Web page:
http://energysmart.wordpress.com/2008/06/27/george-carlin-global-warming-denier/
 
Immortalist...
Posted: Fri Nov 12, 2010 7:07 pm
 
On Nov 12, 10:06 am, "DonH" <donlhumphr... at (no spam) bigpond.com> wrote:
[quote]"Immortalist" <reanimater_2... at (no spam) yahoo.com> wrote in message

news:cd108dec-a7dc-439a-b044-dc2f0790f50f at (no spam) 37g2000prx.googlegroups.com...
We've had a good run of it. In the 500,000 years Homo sapiens has
roamed the land we've built cities, created complex languages, and
sent robotic scouts to other planets. It's difficult to imagine it all
coming to an end. Yet 99 percent of all species that ever lived have
gone extinct, including every one of our hominid ancestors. In 1983,
British cosmologist Brandon Carter framed the "Doomsday argument," a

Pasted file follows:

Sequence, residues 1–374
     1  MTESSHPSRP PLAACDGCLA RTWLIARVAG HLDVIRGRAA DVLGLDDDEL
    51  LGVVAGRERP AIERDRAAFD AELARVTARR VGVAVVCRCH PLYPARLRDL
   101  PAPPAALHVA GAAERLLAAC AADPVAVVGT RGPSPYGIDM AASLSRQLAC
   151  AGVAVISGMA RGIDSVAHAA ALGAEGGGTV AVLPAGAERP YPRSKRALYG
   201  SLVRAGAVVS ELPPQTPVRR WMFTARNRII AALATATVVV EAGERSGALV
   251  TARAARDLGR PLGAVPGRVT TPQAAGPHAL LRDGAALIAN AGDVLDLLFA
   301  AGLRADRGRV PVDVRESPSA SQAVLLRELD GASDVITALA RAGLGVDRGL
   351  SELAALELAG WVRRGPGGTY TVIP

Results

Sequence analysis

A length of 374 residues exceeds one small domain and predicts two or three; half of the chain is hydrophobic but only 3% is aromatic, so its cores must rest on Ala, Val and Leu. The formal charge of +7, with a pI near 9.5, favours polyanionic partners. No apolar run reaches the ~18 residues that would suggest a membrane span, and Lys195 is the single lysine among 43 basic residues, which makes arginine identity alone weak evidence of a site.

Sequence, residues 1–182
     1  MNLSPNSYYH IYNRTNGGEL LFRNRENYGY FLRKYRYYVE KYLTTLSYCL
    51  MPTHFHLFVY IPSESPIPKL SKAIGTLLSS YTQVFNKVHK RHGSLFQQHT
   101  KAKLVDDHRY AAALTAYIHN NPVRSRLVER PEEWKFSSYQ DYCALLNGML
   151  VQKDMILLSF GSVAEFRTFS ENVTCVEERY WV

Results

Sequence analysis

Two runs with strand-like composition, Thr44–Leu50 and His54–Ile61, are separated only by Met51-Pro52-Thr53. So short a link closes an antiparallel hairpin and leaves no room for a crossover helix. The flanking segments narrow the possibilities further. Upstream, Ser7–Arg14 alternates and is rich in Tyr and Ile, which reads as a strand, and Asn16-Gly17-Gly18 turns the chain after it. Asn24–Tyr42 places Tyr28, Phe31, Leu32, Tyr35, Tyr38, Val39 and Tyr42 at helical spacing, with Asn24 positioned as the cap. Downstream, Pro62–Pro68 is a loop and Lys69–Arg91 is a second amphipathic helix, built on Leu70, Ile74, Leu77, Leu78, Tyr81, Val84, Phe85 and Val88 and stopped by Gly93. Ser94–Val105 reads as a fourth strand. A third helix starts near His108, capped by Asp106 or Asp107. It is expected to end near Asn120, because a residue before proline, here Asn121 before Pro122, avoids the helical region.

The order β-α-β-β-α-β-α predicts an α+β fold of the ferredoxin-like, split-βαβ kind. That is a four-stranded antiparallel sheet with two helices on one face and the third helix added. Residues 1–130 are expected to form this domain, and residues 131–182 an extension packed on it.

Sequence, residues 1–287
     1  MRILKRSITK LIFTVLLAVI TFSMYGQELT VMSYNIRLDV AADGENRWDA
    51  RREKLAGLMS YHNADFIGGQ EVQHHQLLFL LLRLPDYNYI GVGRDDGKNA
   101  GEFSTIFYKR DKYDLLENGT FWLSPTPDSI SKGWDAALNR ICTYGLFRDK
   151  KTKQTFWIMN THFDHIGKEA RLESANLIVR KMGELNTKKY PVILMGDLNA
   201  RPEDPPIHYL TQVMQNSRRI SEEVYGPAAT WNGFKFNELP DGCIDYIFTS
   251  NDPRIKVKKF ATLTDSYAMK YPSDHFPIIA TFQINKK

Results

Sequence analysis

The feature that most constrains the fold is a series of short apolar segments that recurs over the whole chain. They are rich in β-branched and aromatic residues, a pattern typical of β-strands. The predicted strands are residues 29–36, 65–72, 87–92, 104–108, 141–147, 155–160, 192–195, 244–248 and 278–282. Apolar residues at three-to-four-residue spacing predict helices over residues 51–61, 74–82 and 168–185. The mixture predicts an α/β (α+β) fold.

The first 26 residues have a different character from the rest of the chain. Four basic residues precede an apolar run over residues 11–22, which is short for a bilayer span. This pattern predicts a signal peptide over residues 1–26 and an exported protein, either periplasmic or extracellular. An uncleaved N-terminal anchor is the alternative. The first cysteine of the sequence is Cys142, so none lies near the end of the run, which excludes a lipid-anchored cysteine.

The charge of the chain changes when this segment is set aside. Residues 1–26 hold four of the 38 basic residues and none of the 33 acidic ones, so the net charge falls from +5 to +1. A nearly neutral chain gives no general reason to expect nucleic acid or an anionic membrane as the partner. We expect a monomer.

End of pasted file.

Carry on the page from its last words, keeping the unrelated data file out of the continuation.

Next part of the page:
statistical way to judge when we might join them. If humans were to
survive a long time and spread through the galaxy, then the total
number of people who will ever live might number in the trillions. By
pure odds, it's unlikely that we would be among the very first
hundredth of a percent of all those people. Or turn the argument
around: How likely is it that this generation will be the one unlucky
one? Something like one fifth of all the people who have ever lived
are alive today. The odds of being one of the people to witness
doomsday are highest when there is the largest number of witnesses
around—so now is not such an improbable time.

Human activity is severely disrupting almost all life on the planet,
which surely doesn't help matters. The current rate of extinctions is,